Being able to communicate is a skill that all students need both in school and in their future careers. At some point in their lives, students will need to relay instructions, and explain complex ideas or concepts whether it’s for a school presentation or a work-related responsibility. Mastering the ability to perform these skills will bring students success in anything they decide to do with their life. One of the most essential skills for communication is “active listening.” Becoming effective in this aspect will help students solve problems faster, form better relationships personally and professionally, process information better, and improve long term retention.
What Is Active Listening?
Active listening is a person’s ability to focus all of their attention on a speaker or educator, process and understand their message, and be able to formulate the appropriate response. It is the opposite of “passive listening” which is simply hearing someone but not absorbing anything they say. Listening to someone tell a story while also texting on your phone for instance. Active listening requires students to be fully engaged so that they are able to participate in the discussion and later retrieve information they learned from within their brain. Active listeners do not need to have information repeated to them since they make use of specific techniques that assist them in focusing on the person who is speaking. This also benefits the speaker since they can see that the listener is paying attention and fully invested in the subject matter. Active listeners do not plan their words out while the other person is talking, they wait until they have heard everything and carefully form their thoughts afterward. Active listening is a skill that all learners need to excel in their education and anything else they set out to do in life.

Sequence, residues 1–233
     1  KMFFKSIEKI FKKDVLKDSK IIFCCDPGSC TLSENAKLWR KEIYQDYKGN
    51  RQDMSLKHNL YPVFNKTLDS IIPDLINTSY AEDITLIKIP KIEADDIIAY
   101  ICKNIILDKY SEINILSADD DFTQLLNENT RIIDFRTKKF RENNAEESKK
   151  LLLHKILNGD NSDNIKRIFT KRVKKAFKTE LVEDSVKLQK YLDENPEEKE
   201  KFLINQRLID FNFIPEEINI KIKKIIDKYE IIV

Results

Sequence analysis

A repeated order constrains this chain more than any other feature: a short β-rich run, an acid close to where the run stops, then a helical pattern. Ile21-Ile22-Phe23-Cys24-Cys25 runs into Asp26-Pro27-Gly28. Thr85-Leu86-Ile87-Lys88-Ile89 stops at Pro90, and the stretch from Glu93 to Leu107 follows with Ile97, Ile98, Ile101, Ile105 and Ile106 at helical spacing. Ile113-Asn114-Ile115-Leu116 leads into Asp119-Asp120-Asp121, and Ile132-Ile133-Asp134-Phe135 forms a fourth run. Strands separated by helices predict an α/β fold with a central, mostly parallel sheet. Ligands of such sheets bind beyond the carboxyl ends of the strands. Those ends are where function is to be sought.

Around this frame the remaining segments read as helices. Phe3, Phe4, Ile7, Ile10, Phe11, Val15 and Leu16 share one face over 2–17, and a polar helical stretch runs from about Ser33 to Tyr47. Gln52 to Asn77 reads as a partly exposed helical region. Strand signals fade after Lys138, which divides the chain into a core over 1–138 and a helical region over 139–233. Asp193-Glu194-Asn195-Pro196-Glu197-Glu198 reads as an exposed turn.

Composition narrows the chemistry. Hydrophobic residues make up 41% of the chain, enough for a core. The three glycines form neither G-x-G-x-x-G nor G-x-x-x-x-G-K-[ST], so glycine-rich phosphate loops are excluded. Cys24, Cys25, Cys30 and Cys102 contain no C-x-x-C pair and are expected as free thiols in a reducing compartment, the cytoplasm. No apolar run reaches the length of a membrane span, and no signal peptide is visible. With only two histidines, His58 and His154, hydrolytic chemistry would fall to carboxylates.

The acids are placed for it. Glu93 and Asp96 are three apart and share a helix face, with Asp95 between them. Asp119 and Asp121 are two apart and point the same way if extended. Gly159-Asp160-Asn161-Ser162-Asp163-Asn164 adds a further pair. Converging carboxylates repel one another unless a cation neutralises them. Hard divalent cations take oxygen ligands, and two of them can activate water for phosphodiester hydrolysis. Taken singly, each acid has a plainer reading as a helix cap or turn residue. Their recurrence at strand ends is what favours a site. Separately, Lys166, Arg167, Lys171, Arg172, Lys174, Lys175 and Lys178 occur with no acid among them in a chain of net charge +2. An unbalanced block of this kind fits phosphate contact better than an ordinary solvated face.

Why Is It Important?
Whether you are still in school, looking for a new job, or just trying to grow your skills, improving active listening skills will help to propel you forward. Similar to critical thinking, active listening gives students value when they are new to the workforce. Here are some benefits of being a skilled active listener:
People like to share information with active listeners because they know they will be listened to. When you consistently prove that you offer your undivided attention when someone is speaking, they will open up to you more often. This can be with friends, family, or potential professional relationships. You will open yourself up to a variety of opportunities to network with others or be involved in exciting new projects during your career. Active listeners are successful because people need to feel comfortable with someone to want to work with them and also know that they are genuine.
You want people to trust you, especially in the workforce. Colleagues should be able to depend on you to do your part within the company. Customers should be able to expect stellar service and a high-quality product that will make them keep coming back to you. Any other business connections need to know that you are dependable and easy to work with. They need to know that they can communicate with you effectively and receive a professional and prompt response in return.
Identify & Solve
Active listening also allows you to spot problems much faster and solve them much easier. You will be able to assist others with their issues when they arise as well and help them come up with a strategy to deal with them. Being able to notice and address an issue early on will save you and your team so much work in the long run since the problem was not allowed to escalate too much.
Knowledge & Understanding
Active listeners have an overall better understanding of the information that is fed to them on a daily basis. Since active listening aids in retention, you will not only be able to grasp new topics with much less effort, but you will also be able to remember them when you need to apply the information to a real world situation such as a presentation or during conflict resolution.
The Important Stuff Sticks